3. Halide glass  on base BeF2, ZnF2, ZrF4, HfF4, InF4 with a combination of fluorides MeF, MeF2, MeF3 is named fluoride glass .
From chlorides in glass forming states we have a lot of data regarding the physico-chemical properties of Zinc chlorides (ZnCl2).
There is some interest in glass systems MeFn-HF, where the glass forming component is HF.
4. Chalcogan types of glass are formed on the basis of sulphides, selenides and tellurides. Glass forming elements in these types of systems are S, Se, and Te.
In binary systems, general glass forming components are selenides of arsenic, germanium, and phosphorus (As2Se3, GeSe2, P2Se3) and sulphides of arsenic As2S3 and germanium GeS2.
In general, chalcogan glass is very complex and different in composition.
5. Special types of glass, such as groups of nitrate, acetate and sulphate glasses have low melting points. These types of glass are chemically unstable.
6. A mixed type of glass formed by using a mix of previously glass formed components: oxides and Halides, oxides and chalcogans, chalcogans and halides.
Particular types of glass are nitride and oxide-nitride glasses on the base Si3N4 (MP-1900°C), AlN (MP-2200°C), BN (MP-3000°C), Be3N2 (MP-2200°C) . These types of glasses are absolutely new. They have a very high chemical resistance and a high melting point.
In recent years we are finding in scientific literature some results about metallic glass (Fe, Pd, Zr, Ni, Cu) [20-22].
Petrovski [23,34] after conclusion of all presentations on glass forming states showed on the sample of beryllium fluorine glasses that covalence bonds favorable for glass forming, but ionic bonds for crystallization.
Generally the glass forming state of materials depend on the existence of mixed types of bonds ionic-covalence characters between elements of structure.
Spectroscopic investigation of transition elements in glass forming and crystalline materials are giving us the opportunity to evaluate the change of degree of covalency and strength of ligands field in above matrices.
In fundamental works Bethe  and Van Vleck [26-29] successfully developed the theory of crystalline field regarding crystalline materials.
The second period development of theory on crystalline field begins with the progress of spectrophotometry and electron paramagnetic resonance [30-35].
During this period the theory of fields of ligands was formed, it combined the theory of crystalline fields with the Mulliken  method of molecular orbitals.
Consequently, positive results of the theory of chemical bonding and the theory of crystalline fields were included in theory field of ligands.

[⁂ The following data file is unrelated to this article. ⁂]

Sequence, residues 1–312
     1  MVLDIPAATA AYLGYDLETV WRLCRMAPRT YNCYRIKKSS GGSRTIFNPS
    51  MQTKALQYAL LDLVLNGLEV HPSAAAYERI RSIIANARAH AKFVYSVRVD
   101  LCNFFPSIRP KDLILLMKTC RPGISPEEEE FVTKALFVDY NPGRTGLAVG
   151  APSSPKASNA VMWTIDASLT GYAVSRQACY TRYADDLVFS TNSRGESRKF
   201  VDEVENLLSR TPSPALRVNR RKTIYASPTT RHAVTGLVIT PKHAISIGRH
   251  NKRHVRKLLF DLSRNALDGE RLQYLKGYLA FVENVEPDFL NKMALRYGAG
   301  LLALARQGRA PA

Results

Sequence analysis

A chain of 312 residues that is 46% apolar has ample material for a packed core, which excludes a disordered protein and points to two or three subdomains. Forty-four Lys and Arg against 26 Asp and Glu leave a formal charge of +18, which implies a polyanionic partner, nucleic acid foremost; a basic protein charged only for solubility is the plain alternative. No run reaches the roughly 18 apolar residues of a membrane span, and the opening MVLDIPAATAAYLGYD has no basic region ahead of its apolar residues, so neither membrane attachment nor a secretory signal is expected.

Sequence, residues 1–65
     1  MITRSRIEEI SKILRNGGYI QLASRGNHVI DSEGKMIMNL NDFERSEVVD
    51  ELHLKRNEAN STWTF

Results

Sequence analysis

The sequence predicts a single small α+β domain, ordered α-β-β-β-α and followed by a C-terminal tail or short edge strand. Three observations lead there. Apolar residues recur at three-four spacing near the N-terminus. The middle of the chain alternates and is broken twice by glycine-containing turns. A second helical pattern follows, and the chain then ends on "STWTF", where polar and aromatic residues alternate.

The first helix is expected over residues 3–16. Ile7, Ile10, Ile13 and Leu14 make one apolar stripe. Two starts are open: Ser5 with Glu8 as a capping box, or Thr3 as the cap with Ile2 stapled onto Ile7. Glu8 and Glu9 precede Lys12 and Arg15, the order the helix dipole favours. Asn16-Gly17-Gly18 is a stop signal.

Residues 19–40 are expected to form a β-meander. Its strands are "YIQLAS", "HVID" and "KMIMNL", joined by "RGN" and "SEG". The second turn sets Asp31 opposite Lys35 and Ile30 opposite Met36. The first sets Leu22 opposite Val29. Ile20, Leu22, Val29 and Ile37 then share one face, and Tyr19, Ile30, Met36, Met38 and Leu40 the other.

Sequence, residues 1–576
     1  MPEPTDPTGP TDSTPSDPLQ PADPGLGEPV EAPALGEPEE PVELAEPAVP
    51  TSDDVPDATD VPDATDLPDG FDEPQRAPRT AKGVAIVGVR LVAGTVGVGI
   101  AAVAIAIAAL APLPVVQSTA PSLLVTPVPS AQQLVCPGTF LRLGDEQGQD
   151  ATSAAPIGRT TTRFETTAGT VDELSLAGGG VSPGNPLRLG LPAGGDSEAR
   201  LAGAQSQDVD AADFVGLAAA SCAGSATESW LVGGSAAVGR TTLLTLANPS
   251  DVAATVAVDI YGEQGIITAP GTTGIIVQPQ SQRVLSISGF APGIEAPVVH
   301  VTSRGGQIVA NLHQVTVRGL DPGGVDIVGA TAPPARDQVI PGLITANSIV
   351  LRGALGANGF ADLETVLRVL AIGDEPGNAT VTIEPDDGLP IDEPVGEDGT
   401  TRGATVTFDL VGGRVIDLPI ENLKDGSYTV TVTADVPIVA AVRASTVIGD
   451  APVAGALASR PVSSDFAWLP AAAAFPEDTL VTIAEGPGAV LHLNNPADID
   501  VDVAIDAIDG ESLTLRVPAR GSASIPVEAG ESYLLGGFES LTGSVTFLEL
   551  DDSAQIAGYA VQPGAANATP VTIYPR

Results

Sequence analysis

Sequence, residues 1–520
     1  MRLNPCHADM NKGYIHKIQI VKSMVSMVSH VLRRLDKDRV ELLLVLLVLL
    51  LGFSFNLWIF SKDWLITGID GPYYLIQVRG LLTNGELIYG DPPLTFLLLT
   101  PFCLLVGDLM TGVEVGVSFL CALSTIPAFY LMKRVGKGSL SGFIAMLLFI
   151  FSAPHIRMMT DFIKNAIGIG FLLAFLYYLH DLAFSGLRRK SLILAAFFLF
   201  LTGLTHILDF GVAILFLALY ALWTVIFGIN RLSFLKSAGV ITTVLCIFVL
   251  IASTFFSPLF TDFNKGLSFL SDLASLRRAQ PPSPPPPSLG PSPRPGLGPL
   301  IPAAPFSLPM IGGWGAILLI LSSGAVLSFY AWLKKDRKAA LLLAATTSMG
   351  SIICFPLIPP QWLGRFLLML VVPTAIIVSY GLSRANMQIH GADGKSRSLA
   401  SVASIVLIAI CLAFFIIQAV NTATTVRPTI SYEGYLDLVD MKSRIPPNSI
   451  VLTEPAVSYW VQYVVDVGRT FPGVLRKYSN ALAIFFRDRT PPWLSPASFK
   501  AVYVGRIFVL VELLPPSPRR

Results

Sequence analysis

One of the successful results of theory field of ligands are energetic diagram types of Tanabe-Sugano [37,83]. These diagram types are presenting the influence of the nature of ligands on the parameters of crystalline fields (spectrochemical and nephelauxetic lines) [39-43]. Margaryan et al. [44-47] showed that in vitreous materials the following chemical bonds exist between D-L-G-L-M, where D-dopant (ions of transition elements dn, ¦n), L-ligand, G-glass forming atom near coordination sphere, M-modifier.
In the degree of covalency of L-G is higher (O-Si, O-Ge, O-B, O-P or F-Be) the degree of covalency between D-L (L-dn or L-¦n) will be lower. The differences in covalency are described by the changes in the polarization of the ligands.
In glass forming (vitreous), the material elements of structure (L-G) have to be predominantly in covalent bonding, owing to spn-hybridization of electron orbitals between the glass forming atom (G) and ligand (L). The opposite occurs in the crystalline form of matter.
Allen and Nebert [48,49] discovered that the EPR spectra of transition metals, in particular Mn(II), within organic and inorganic solvents show finer structures when the sample is in the glass forming phase rather than a polycrystalline phase. Figures 1.3 and 1.4 show the EPR spectra of Mn(II) in methanol (CH3OH) and 12N HCl. The hyperfine structure becomes quite different when the sample changes from a transparent glass phase (curve 1) to a polycrystalline phase (curve 2).
Figure 1.3: EPR spectra of Mn(II) in vitreous (curve 1) and polycrystalline (curve 2) methanol (after ref. ).
Figure 1.4: EPR spectra of Mn(II) in vitreous (curve 1) and polycrystalline (curve 2) 12N
HCl (after ref. ).